In December 2002, Fox gave the ax to a little-known science fiction show from Joss Whedon called Firefly. The series gained a cult status when it hit DVD the following year, and its story continued in the 2005 film Serenity and a handful of comic books — but a planned massively multiplayer game based on the series never materialized, and Firefly has been weirdly left out of the recent surge of rebooted TV shows. Now, for fans who have been missing the franchise, there’s a new glimmer of hope — or at least an opportunity to revisit the ‘Verse, with James Lovegrove and Nancy Holder’s new novel Big Damn Hero.
Big Damn Hero is the first of three novels being published by Titan Books in the coming months, under the guidance of Whedon, who serves as a “consulting editor.” Like Firefly, the book follows the crew of the spaceship Serenity, led by Captain Malcolm Reynolds, a veteran of a failed rebellion against the authoritarian Alliance government. The result is a new bona fide adventure in the story — one that could be an extended episode from the series, but which also fleshes out the characters and world just a bit more.
Big Damn Hero is set in the midst of the original Firefly series, at some point after the late-season episode “The Message.” As the book begins, the ship lands on a planet called Persephone to transport a cargo of explosives on behalf of local crime lord Badger, a recurring character in the show. But while they’re on the ground, the captain is kidnapped by a group of former independence war veterans — or Browncoats — who claim he’s a traitor and prepare to execute him. (As it turns out, their leader’s motivations are more complicated, stemming from an event in Mal’s past.) The Firefly’s second mate Zoë Washburne is left with a choice: abandon her captain and deliver their volatile cargo, or rescue Mal.
Ultimately, Zoë opts for the former — but leaves one of their passengers, the enigmatic pastor Shepherd Book, behind to investigate. The cargo drop has its own set of complications, and eventually, the crew is forced to turn back and track Mal down.
All of the familiar elements from the show are present in this story. The Serenity is falling apart, and it’s being chased by agents of the Alliance, who are trying to recapture fugitive siblings River and Simon Tam. Shepherd Book knows more about the criminal underworld than a preacher should, the mercenary Jayne Cobb is trigger-happy, and the crew’s constant bad luck lands them further and further into debt with criminals. The entire novel feels like it could be a lost episode from the show, albeit a slightly extended one.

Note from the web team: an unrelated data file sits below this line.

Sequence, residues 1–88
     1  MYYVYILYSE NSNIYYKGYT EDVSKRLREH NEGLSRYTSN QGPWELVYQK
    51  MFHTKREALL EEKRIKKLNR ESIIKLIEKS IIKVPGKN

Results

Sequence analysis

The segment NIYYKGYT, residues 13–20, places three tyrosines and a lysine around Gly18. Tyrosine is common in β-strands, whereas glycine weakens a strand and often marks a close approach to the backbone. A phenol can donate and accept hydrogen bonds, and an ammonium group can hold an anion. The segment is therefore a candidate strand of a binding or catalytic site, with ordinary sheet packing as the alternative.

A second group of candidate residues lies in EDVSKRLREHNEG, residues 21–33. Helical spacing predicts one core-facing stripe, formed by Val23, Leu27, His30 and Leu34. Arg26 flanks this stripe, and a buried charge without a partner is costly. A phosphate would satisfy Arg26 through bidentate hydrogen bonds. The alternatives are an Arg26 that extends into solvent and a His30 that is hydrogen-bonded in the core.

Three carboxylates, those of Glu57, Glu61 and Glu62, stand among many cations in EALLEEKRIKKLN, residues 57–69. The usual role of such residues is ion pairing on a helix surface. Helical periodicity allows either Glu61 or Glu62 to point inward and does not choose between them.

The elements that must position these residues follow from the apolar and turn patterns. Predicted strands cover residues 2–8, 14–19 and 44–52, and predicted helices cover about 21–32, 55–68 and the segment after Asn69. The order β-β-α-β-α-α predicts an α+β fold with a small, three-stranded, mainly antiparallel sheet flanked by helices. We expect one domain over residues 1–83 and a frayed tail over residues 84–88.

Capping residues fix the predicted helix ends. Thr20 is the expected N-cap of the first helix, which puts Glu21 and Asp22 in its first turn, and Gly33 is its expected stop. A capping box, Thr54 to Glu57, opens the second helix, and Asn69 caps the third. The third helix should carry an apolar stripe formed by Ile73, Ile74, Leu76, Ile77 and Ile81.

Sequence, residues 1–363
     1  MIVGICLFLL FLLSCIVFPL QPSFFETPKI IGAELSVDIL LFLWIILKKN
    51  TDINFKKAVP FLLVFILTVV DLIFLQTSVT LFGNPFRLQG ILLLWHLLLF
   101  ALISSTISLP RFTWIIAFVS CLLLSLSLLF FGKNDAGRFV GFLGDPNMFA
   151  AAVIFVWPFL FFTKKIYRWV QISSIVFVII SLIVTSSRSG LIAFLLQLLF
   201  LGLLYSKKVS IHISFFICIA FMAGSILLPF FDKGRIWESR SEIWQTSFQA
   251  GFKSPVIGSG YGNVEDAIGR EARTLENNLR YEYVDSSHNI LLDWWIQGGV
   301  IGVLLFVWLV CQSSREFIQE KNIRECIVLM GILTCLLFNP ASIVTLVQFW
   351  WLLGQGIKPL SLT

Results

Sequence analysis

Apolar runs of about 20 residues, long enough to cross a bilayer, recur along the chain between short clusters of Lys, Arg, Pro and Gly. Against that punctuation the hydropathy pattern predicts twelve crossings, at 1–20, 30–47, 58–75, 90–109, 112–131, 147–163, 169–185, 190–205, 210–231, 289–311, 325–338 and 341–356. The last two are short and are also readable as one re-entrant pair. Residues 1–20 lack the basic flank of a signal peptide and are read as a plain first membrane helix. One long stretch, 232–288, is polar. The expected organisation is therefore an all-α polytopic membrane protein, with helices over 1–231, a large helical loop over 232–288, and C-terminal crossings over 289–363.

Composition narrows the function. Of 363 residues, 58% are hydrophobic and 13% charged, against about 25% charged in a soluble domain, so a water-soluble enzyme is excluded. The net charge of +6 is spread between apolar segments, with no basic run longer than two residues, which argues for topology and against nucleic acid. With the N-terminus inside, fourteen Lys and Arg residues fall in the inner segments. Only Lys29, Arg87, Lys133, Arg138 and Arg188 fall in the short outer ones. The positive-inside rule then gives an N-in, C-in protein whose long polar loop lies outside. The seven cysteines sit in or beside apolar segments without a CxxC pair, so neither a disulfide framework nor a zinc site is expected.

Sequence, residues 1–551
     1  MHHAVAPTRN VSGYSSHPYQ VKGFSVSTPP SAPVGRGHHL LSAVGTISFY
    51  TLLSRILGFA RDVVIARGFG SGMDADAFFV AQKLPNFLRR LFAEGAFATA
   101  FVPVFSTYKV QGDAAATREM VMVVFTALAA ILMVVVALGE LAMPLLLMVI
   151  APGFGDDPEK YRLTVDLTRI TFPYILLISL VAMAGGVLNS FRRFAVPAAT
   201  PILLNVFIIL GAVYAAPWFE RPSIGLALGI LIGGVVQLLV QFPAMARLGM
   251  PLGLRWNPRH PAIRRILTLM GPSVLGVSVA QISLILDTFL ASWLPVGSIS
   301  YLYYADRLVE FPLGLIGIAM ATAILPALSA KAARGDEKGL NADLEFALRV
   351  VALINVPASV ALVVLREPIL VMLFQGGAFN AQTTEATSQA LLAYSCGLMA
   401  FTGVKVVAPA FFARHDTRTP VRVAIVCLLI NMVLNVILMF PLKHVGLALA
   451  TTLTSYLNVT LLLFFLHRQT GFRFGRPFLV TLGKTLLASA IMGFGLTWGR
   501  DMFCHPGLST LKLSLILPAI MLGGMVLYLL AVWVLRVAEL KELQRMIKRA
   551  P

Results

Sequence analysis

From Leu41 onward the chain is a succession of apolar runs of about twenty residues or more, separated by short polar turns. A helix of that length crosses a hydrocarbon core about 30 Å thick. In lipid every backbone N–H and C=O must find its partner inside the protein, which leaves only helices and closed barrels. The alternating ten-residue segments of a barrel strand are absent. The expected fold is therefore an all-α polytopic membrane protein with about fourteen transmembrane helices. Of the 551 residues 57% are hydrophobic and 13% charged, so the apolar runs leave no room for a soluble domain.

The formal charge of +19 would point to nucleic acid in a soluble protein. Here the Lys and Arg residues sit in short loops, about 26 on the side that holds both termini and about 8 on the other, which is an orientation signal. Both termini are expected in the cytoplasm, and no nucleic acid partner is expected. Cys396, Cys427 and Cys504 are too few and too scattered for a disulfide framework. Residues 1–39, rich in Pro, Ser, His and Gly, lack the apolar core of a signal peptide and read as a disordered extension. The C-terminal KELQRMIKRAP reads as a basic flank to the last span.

Tie-in novels often have to play with a delicate balance. They have to be entirely faithful to the source material to ensure that continuity is preserved, characters make sense, and the result is recognizable enough for fans to latch onto. But they shouldn’t be a step-by-step retread of said source material. The best examples, like Timothy Zahn’s Thrawn trilogy in the Star Wars franchise or Karen Traviss’ Halo novels, build on the original story in a meaningful way.
Big Damn Hero falls more on the faithful side, but it does take the time to insert some backstory about Mal’s time as a young man on the planet Shadow, and his experiences during the war. We learn that he’s still haunted by battlefield trauma, and that his relationships might be a bit more out of whack than they seemed in the show.
Firefly is a particularly special story for me — I caught on to it with the DVD release, and while I don’t think that the story or characters have aged particularly well, it’s a world that’s ripe for a new look. With Disney’s purchase of 20th Century Fox, it feels like a reboot is almost inevitable at some point, and a whole bunch of Firefly tie-in books have hit shelves recently, from an encyclopedia, to an in-universe handbook for Firefly spaceship, to a new line of comics.
The next two novels are already planned out: one will feature Jayne as the main character as the crew heads out to a desert moon, and the other will chronicle their exploits as they discover a generation ship. They seem like test balloons to see what appetite there is for more stories in this particular world. That remains to be seen, but if Big Damn Hero is any indication, there are plenty of cozy adventures for fans to return to in the ‘Verse.